While not immediately, the course of collegiate athletics is in the midst of what will ultimately be monumental changes. Whether that’s good or bad for sports in general and football specifically remains to be seen.
In a historic ruling Wednesday afternoon, the Chicago regional office of the National Labor Relations Board ruled that Northwestern football players meet the standards under federal guidelines to form a union. The initial petition was filed by the National College Players Association on behalf of former Northwestern quarterback Kain Colter and the College Athletes Players Association (CAPA), and had the backing of the United Steelworkers union.
The NLRB ruled essentially what CAPA had argued in stating its case: football players are employees of the university.
“Players receiving scholarships to perform football-related services for the Employer under a contract for hire in return for compensation are subject to the Employer’s control and are therefore employees,” an excerpt of the NLRB’s ruling read.
For now, the goals of the NCPA/CAPA are “better concussion and other medical protections, and for scholarships to cover the full cost of attendance” as well as “a trust fund that players could tap into after their NCAA eligibility expires to finish schooling or be rewarded for finishing schooling.” This ruling does, though, have the potential to open up the possibility of salaries or other financial streams — endorsements, revenue sharing from merchandise sale, etc. — on down the road.
It should be noted that this decision, for the moment, applies only to private institutions such as Northwestern. Public universities, which make up the vast majority of FBS institutions, are under the jurisdiction of state laws, not federal.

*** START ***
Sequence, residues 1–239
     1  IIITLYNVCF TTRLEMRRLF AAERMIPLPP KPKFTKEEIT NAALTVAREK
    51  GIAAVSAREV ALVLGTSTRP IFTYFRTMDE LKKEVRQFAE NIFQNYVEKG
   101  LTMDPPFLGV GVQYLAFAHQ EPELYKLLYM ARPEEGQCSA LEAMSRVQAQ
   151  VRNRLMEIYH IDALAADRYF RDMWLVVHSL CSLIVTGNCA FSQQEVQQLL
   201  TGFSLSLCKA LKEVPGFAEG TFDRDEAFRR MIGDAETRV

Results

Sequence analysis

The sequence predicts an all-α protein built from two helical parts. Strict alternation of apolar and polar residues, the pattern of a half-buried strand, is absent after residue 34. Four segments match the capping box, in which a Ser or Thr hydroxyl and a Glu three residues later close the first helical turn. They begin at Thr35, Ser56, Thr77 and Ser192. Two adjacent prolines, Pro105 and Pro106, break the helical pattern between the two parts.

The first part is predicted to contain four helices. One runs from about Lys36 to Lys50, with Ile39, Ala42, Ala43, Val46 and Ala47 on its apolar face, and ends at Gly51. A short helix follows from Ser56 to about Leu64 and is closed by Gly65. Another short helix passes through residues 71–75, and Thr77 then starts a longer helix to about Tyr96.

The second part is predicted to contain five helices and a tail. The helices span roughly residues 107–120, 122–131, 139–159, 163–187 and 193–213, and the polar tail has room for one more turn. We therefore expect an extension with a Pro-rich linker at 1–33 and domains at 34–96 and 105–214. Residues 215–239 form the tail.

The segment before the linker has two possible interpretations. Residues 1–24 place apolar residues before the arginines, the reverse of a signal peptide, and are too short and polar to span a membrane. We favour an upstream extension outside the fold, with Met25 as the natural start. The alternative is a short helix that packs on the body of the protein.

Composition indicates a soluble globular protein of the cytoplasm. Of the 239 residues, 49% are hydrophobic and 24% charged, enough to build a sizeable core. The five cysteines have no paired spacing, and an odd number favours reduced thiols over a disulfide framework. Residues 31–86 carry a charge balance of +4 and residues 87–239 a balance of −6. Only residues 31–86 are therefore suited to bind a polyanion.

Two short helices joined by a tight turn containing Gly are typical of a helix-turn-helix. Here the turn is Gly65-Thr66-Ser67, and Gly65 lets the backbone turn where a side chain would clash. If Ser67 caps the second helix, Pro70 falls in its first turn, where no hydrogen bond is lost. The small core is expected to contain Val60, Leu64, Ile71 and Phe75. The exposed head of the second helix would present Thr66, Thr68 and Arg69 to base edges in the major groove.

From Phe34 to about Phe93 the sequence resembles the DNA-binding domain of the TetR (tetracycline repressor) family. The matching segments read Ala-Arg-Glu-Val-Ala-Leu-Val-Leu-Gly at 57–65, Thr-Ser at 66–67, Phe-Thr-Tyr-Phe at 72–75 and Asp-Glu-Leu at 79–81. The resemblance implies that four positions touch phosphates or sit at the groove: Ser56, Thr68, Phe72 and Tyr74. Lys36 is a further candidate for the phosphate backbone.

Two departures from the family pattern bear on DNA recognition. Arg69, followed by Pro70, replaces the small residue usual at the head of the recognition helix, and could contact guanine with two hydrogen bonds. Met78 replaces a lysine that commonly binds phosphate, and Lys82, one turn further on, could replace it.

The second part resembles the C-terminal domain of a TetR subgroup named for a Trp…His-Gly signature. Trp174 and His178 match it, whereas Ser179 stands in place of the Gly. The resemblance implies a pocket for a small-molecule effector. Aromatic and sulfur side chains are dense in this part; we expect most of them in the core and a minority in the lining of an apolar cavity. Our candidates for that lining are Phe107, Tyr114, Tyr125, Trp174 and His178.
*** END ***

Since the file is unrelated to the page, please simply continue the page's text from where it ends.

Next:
Northwestern is expected to issue a statement on the decision in the very near future, at which point the university will likely announce an appeal.
Prior to the start of the 2015 season, most prognosticators had the SEC West coming down to either Alabama or Auburn. Five weeks into the season, neither of those teams sit at the top of the divisional heap.
With Kyle Allen triggering the offense and John Chavis orchestrating a virtuoso defensive performance, No. 14 Texas A&M had little trouble dispatching No. 21 Mississippi State in a 30-17 win that, for whatever reason, seemed much easier than the score makes it look. The 5-0 Aggies carried a 24-10 lead into halftime, and the 3-2 Bulldogs could only get as close as 10 points, 27-17, early in the fourth quarter on a Dak Prescott touchdown run.
As was the case in the first half, the true sophomore Allen was a big reason for the Aggies success.
Allen accounted for a career-high 385 yards of total offense, 322 passing and 63 rushing. The passing yardage is second only to the 358 he put up in last Saturday’s win over Arkansas, while the rushing yards are the most of his young career.
Tra Carson added 109 yards rushing and a touchdown to supplement the passing game.